TCS Daily


Stossel Attacks Global Warming and Other Media Scares

By Duane D. Freese - July 19, 2001 12:00 AM

"Patrick Henry never said, 'Give me absolute safety, or give me death," ABC news commentator John Stossel told a packed Capitol Hill luncheon Wednesday hosted by Tech Central Station and The Heritage Foundation.

The myth-busting, free-market oriented science and consumer reporter attacked the trend in the media to highlight only the scary and the dangerous. "The press doesn't do a good job. Here the market works against us; it is in our interest to scare you. More of you are going to watch 20/20 if I say, 'Tonight: Apple's will kill you,' than if I say, 'They are OK.' So, we tend to scare people," Stossel said.

He cited exaggerating dangers from such things as air crashes and toxic chemicals, compared with poverty, which overregulation can help create. And he pointed to media coverage of global warming.

"I had read the New York Times and the (Washington) Post and I had thought there was a consensus on that," he said. "I was astounded to learn that you have this one petition signed by 2,000 scientists (claiming problems with global warming) and it got lots of publicity, and there was no publicity for the petition signed by 17,000 other scientists who said it was not."

He was also "astounded" that activists who said the most recent report of the United Nation's Intergovernmental Panel on Climate Change proved their was global warming and "we have to do something about it," weren't even comfortable referring to the report's scenarios on potential warming effects as "forecasts" or "predictions. "They call them storylines," he said. "And I was stunned that Time magazine will take the one in 500th possibility storyline as if that's just the truth. I'm stunned at the trend toward taking the worst picture and warming it up."



Stossel said he learned that there were alternative reasons for temperature increases, noting the sun spot study of Harvard astrophysicist and TCS Science for the Earth Co-host Sallie Baliunas, whom he interviewed for his special and who introduced him at the luncheon.

"Finally, I was surprised that most of the warming was in Siberia in the northern part of the world where they aren't complaining about going from minus 40 to minus 38," he concluded to laughter.

Stossel, who has drawn attacks from some environmental and consumer advocates for his recent reporting, recalled that "I once was beloved by the activists from the left" because for 20 years he shared their view that "capitalism is useful, but sort of cruel and often unfair and needed lots of intervention to keep business from screwing people."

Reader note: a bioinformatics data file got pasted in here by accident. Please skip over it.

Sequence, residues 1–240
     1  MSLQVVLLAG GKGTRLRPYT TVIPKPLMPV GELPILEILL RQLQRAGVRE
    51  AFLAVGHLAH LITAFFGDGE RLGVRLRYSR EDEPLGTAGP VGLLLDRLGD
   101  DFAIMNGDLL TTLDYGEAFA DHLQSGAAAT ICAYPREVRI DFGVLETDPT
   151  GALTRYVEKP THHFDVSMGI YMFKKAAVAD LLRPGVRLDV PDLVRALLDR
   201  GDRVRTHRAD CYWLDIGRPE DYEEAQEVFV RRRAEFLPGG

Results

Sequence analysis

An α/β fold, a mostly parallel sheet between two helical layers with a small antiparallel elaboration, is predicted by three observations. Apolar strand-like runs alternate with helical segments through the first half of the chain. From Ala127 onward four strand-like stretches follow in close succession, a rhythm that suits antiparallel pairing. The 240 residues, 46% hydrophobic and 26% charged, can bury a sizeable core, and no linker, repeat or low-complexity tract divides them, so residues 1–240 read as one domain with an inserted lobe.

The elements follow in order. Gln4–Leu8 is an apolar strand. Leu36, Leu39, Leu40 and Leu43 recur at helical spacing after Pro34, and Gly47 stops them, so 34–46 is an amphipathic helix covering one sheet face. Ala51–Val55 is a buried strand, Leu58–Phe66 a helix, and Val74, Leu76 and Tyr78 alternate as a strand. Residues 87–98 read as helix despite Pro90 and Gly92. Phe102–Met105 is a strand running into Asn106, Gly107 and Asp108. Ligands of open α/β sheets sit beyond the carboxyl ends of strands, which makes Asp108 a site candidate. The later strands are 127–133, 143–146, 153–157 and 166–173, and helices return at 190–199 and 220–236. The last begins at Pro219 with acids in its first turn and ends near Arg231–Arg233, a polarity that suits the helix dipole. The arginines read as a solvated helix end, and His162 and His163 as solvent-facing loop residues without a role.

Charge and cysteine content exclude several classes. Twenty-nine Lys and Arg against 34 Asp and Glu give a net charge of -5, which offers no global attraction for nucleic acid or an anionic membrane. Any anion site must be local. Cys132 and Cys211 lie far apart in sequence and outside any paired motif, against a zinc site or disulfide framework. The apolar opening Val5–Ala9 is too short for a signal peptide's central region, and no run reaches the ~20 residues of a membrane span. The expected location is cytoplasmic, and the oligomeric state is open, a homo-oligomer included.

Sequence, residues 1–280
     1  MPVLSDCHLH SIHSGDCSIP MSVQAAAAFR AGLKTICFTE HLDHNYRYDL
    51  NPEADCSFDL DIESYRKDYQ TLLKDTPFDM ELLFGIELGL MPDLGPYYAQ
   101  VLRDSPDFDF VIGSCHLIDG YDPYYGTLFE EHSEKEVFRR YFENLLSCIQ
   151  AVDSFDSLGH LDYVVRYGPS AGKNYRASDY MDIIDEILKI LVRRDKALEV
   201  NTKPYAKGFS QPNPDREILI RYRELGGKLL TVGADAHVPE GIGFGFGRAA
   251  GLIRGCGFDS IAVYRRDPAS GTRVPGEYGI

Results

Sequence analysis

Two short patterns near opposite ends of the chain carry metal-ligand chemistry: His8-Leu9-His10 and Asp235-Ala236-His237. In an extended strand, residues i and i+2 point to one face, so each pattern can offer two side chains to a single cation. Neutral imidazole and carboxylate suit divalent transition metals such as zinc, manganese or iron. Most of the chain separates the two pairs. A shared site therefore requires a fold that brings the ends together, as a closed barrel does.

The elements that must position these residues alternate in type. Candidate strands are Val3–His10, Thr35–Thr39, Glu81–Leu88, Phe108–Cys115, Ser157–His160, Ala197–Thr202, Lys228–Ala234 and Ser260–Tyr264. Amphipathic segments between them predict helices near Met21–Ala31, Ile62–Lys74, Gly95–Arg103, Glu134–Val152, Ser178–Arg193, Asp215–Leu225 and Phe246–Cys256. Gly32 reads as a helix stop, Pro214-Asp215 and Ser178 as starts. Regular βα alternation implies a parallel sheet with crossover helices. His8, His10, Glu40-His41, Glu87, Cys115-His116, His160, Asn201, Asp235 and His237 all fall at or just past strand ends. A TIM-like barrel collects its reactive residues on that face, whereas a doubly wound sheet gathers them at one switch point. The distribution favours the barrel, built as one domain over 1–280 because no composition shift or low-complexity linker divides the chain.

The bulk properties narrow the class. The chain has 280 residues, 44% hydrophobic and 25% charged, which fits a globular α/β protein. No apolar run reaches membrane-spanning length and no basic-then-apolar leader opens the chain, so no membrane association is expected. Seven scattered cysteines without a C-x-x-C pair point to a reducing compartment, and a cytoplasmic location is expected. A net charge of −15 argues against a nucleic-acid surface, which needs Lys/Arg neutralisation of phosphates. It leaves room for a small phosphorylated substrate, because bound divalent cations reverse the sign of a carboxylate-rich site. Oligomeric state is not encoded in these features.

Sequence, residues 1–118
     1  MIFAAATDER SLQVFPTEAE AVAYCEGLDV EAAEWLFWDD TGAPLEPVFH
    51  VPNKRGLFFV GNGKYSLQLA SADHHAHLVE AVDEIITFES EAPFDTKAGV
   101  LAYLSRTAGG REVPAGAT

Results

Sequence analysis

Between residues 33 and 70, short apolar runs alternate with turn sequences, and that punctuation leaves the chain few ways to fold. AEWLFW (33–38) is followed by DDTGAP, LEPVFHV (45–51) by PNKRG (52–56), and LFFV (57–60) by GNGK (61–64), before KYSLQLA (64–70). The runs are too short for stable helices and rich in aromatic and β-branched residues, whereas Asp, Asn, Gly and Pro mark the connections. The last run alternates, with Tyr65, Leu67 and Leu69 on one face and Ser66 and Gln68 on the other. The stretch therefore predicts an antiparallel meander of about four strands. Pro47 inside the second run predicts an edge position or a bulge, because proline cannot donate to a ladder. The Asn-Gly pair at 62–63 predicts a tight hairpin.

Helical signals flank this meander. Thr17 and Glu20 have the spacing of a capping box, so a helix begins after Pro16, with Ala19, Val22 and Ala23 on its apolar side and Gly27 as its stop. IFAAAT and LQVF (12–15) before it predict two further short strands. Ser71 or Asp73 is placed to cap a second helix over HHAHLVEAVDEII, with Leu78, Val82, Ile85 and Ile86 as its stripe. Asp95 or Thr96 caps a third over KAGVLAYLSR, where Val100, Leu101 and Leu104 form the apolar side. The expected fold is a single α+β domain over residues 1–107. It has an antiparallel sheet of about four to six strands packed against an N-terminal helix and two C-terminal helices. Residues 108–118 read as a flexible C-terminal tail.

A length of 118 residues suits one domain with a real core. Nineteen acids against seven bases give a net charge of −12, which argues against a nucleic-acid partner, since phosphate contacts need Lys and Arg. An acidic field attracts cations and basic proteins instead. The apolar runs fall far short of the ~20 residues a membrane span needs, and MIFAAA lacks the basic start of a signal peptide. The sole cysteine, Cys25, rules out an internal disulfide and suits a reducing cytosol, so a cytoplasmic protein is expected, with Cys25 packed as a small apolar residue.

"Intuitively we want a grand mommy to run our life and make life safe, and I certainly believed it for too many years. I'm embarrassed at how long it took me to see that regulation doesn't work; that it doesn't even do what it's intended to do," he said.

Stossel cited laws regulating illegal and legal drugs as examples. In the case of pharmaceuticals, he noted that it now takes about $500 million and 12 years to get a new drug approved. That may protect against some potentially harmful drugs from reaching the market, but he asked, "Is it worth it? I don't think so"

"What reporters don't tell us is that regulations by protecting us from bad things, protect us from good things too," he said. Nineteen fat substitutes are now going through the regulatory process, even as 5,000 people a year die from obesity, he declared.

"The Food and Drug Administration a few years ago said, 'This new beta blocker will save 14,000 lives a year.' But why didn't anyone get up and ask, 'Doesn't that mean you killed 14,000 people last year?' We don't ask that question. We don't think that way. We don't know who would be saved by freedom."

"Why do we need a police agency? Why couldn't the FDA be an information agency?" he asked. Even a private agency could provide that service for people who wanted to avoid risk. But then others, with fatal illnesses, he said, could take experimental drugs without breaking the law.

Trial lawyers, though, are a bad substitute for regulation, Stossel said. "Something has gone horribly wrong because of the lack of a loser pay system." He noted that lawyers, not victims, get most of the money, when defense and administrative costs are included. And often their suits don't protect victims, so much as discourage introduction of new and better products, as in the case of vaccines.



By overplaying trivial risks, the media has helped make people afraid of new things, and encouraged more regulation, Stossel said.

"Why in a free society do we allow government to draw all these lines?" Stossel asked. "We learn by the process of letting people be free. Let some engage in risk. From their risk taking we'll save other lives later.

"But there is something very off in the public debate, because all you hear from us in the media are scare stories of things we are exposed to. And we are exposed to things humans never saw before, food additives, invisible radiation chemicals. And what's the result, we're living much longer. We've increased life spans almost 30 years with the very technology we feared so much.

"What gave us that was not lawyers or government," Stossel concluded. "It was freedom and technology. And I hope that you will all fight for that."
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